MAYVILLE – Chautauqua Lake is participating in an international study to look at the impact that plastics have on the environment.
Plastics in the environment are typically broken down into ever-smaller pieces, rather than into their component molecules, by exposure to ultraviolet (UV) light through a process known as photodegradation. Microplastics are plastic pieces generally smaller than 5 mm that often originate from cosmetic sources such as exfoliating face wash or toothpaste but also from synthetic clothing or improperly discarded plastic products.
Whenever microplastic-containing personal-care products are used, thousands of microplastic particles travel down the drain, through water treatment systems, and out to our local waterways. From there they can have a negative impact on a wide variety of species, from fish to birds and land animals that rely on the fish to survive.
Much of the existing science on aquatic plastic pollution has focused on our oceans, but that is now evolving to include studies of freshwater ecosystems as well. In fact, Fredonia State professor Dr. Sherri Mason is on the forefront of freshwater studies focused on the Great Lakes. During her studies, Dr. Mason found alarmingly high numbers of microplastics in the Great Lakes whereby plastics were found in the gastrointestinal tracts of every fish species that was sampled.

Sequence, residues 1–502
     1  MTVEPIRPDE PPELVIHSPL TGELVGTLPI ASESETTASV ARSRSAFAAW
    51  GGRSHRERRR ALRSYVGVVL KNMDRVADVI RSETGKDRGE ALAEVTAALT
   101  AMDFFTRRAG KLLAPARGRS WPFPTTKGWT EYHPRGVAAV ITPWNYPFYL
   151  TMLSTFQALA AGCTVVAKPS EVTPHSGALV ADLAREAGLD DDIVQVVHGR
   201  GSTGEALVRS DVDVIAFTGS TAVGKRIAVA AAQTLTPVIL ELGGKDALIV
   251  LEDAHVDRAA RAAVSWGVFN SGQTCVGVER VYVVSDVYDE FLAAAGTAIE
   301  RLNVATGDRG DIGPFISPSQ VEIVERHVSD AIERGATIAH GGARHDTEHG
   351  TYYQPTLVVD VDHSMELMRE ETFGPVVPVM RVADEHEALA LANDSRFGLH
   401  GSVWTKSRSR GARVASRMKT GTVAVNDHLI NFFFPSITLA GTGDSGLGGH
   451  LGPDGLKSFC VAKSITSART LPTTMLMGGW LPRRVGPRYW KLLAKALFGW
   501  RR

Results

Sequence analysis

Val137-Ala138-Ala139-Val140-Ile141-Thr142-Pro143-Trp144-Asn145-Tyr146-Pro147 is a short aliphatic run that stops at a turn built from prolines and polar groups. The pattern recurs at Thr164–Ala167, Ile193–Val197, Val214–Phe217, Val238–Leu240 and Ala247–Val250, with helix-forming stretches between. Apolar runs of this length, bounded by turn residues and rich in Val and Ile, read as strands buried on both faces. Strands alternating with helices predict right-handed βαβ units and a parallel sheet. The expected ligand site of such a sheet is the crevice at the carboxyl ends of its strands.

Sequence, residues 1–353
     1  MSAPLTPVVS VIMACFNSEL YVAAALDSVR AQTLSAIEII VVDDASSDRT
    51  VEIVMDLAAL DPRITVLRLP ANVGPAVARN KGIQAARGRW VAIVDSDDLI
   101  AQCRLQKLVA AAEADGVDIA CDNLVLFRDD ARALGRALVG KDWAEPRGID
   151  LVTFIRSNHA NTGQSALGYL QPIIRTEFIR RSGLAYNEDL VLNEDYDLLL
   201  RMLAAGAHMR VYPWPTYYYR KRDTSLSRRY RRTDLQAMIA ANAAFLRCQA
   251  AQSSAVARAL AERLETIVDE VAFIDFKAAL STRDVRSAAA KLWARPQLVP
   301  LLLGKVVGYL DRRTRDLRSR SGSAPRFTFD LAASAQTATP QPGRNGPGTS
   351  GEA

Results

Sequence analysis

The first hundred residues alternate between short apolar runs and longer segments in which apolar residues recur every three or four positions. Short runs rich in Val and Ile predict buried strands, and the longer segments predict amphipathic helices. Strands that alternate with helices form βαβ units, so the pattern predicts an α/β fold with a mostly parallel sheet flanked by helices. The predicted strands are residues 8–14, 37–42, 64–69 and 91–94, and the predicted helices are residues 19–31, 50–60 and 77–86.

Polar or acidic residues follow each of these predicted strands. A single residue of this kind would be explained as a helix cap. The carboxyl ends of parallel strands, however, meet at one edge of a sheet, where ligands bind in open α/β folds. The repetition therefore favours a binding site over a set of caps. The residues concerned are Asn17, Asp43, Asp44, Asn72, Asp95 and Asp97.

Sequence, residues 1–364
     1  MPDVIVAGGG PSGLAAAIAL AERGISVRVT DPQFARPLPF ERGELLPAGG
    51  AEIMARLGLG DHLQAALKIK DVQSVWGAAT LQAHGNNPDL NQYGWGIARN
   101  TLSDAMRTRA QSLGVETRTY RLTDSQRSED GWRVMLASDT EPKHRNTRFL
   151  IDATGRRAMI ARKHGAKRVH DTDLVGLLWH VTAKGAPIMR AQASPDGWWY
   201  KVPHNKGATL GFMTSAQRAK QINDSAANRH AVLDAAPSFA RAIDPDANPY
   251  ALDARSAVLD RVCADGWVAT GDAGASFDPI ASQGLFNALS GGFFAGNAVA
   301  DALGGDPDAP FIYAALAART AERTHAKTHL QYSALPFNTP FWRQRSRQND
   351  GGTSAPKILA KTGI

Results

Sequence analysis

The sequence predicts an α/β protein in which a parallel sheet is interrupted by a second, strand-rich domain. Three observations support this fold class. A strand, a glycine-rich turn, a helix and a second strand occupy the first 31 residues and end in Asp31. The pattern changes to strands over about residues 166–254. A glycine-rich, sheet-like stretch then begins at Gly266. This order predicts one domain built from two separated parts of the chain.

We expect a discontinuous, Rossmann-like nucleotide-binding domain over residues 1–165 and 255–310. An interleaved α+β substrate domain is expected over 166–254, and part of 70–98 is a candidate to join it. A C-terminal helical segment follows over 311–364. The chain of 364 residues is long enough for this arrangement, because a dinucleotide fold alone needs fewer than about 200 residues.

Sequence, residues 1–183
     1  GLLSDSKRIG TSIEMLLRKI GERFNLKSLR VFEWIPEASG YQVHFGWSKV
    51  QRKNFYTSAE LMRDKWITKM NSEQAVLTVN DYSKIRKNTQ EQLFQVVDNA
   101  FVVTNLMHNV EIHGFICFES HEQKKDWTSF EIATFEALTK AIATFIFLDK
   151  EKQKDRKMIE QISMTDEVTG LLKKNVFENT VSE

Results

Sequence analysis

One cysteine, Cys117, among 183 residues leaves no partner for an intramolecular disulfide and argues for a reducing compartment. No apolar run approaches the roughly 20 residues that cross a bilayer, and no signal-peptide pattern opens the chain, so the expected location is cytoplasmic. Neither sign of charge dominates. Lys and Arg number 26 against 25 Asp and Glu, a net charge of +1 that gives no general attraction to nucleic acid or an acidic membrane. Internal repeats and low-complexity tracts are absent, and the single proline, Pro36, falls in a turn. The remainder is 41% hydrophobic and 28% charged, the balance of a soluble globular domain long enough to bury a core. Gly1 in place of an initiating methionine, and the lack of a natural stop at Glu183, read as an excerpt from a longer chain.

Another SUNY Fredonia professor – Dr. Courtney Wigdahl-Perry – was recently contacted by international colleagues about conducting microplastics sampling on Chautauqua Lake, one of only a handful of North American sites to be included in a larger European study of microplastics in inland lakes.
Staff from the Chautauqua Lake & Watershed Management Alliance (Alliance) and the Chautauqua Watershed Conservancy (CWC), in coordination with Dr. Wigdahl-Perry, collected samples from both lake basins earlier this week.
“It is very exciting to be included in this international study which will serve to create baseline knowledge of microplastic levels in Chautauqua Lake,” said Erin Brickley, Executive Director of the Alliance. “Chautauqua County was one of the leading municipalities that banned sales of cosmetic products containing microbeads which officially went into effect February 2016 so the timing of this study coincides nicely.”
For more information regarding the microplastic sampling, please contact Erin Brickley at (716) 661-8918.